I had a great conversation with sword master Guy Windsor, about the relationships between philosophy, martial arts, and sword fighting. Here's a very short exchange:
GW: There are all sorts of unfounded claims that are made, like you practise this particular martial art, you’ll get better at self-defence. Well, OK, if they're looking at self-defence scenarios and training you in identifying those scenarios and avoiding them or training you in surprise attack from behind by somebody bigger and stronger or whatever. If that's what they're actually modelling, then yes, it might work. But you don't just sort of magically get better at self-defence by practising, say 17th century rapier, that isn’t going to help.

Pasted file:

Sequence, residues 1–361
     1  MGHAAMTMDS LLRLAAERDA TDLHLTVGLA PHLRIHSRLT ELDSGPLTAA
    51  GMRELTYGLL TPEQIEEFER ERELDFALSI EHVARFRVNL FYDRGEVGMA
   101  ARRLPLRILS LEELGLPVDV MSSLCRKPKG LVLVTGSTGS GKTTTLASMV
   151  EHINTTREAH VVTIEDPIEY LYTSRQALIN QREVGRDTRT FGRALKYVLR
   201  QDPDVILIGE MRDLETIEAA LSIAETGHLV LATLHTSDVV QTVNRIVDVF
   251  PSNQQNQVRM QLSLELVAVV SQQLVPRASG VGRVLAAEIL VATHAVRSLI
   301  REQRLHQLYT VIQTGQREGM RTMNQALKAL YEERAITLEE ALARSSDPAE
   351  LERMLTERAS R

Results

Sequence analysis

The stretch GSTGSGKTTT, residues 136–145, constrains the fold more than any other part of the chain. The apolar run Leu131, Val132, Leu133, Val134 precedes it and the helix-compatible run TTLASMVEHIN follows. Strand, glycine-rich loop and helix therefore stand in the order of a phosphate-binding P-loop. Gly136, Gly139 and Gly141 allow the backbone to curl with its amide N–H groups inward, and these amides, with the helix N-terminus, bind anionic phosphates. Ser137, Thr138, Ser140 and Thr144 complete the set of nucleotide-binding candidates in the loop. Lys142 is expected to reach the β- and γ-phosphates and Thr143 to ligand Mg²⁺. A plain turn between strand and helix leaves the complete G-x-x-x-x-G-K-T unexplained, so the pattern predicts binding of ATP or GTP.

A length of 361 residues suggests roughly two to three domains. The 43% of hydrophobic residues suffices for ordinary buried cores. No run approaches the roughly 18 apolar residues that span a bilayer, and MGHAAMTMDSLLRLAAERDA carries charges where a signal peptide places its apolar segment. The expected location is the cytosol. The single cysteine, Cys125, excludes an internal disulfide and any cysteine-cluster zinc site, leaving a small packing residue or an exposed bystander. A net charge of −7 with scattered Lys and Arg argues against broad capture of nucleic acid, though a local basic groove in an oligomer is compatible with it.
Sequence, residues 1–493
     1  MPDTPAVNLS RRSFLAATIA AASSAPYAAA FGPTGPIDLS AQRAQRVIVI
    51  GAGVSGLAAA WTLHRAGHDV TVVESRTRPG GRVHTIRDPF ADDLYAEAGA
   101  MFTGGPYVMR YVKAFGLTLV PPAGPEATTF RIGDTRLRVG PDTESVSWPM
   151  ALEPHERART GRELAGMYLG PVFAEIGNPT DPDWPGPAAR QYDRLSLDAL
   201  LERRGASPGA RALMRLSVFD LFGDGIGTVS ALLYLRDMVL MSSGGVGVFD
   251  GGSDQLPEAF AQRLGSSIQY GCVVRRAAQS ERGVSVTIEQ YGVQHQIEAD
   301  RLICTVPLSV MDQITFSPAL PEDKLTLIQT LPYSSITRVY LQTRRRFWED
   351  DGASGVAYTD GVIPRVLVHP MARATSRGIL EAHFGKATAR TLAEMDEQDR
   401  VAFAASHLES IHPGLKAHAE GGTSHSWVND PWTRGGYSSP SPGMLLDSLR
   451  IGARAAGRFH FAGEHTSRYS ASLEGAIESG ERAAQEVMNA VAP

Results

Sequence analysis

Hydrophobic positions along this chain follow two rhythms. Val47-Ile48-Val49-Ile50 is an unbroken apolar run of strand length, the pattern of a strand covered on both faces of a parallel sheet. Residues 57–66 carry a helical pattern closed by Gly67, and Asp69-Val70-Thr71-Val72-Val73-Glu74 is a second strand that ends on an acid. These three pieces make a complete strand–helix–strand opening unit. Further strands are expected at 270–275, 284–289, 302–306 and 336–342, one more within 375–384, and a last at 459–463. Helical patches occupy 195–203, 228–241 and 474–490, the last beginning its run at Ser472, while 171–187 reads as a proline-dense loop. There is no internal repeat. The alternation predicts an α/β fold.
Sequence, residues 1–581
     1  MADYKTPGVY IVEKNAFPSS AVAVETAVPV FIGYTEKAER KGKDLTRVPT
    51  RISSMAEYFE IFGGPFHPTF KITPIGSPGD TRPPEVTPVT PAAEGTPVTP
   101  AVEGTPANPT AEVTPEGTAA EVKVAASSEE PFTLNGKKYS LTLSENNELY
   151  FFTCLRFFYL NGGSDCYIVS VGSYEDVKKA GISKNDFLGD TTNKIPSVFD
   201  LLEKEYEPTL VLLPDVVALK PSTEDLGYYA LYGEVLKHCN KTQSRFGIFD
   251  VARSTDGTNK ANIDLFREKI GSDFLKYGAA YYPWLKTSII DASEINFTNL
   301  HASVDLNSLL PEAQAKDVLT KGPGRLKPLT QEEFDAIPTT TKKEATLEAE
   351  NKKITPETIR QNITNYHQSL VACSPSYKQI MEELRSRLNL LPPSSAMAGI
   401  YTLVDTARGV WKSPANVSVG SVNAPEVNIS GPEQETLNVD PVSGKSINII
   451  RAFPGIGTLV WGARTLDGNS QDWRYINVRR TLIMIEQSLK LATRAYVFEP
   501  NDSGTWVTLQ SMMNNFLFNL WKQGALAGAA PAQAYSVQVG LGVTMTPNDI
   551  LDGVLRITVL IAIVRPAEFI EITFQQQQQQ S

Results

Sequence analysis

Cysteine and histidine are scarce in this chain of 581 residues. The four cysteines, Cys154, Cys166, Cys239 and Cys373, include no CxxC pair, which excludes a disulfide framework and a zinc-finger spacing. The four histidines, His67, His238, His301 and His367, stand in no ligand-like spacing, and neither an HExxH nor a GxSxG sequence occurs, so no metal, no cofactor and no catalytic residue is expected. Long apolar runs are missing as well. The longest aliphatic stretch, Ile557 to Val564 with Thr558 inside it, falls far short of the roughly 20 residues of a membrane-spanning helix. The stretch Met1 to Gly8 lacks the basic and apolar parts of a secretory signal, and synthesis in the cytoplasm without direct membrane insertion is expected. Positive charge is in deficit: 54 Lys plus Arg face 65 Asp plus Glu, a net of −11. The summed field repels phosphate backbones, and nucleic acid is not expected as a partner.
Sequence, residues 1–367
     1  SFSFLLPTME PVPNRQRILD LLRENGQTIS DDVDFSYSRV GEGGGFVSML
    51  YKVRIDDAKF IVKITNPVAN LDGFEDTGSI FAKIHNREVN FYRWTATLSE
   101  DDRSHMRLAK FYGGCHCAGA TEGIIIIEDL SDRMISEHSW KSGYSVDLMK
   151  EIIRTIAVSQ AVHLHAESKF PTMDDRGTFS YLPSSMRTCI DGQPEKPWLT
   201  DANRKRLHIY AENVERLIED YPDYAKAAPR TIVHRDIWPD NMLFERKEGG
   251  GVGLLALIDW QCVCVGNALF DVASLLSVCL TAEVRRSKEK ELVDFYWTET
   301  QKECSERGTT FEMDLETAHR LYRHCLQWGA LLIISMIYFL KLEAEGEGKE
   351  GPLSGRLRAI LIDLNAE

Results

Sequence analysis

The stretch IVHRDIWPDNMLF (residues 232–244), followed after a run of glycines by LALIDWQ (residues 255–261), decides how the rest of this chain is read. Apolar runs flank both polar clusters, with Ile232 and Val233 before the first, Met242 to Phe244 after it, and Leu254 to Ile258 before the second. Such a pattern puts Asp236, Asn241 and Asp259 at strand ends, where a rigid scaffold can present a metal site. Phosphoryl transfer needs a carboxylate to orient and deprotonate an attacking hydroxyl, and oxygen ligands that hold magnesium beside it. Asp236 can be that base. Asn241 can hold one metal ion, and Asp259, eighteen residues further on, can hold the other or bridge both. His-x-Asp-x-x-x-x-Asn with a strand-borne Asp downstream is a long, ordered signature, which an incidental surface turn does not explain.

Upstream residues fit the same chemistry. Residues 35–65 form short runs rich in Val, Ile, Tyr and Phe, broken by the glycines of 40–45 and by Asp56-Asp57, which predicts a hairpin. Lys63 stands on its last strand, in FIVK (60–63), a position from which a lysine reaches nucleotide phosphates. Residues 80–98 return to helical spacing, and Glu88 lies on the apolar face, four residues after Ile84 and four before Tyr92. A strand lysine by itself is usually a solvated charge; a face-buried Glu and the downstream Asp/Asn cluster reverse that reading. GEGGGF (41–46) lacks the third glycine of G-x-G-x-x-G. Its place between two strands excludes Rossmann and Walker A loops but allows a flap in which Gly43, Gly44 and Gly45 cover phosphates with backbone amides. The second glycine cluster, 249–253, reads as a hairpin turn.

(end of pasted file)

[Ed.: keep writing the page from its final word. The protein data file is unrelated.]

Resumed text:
DY: No. But suppose it did work and you then became extremely good at killing people with a rapier, what would the everyday modern value of that be? Well, I can defend myself if I'm allowed to murder people, but without the whole murder thing, I'm not so good. You know, it's impractical. And, in fact, it sounds odd when you say it using HEMA when you talk about rapier here like that. But that's legitimately a claim that some traditional martial arts make, that we will teach you how to kill people. Like, why? Why do you need to know how to kill people? That's absurd. You work an office job. The most annoying thing in your day is when the Uber is late.
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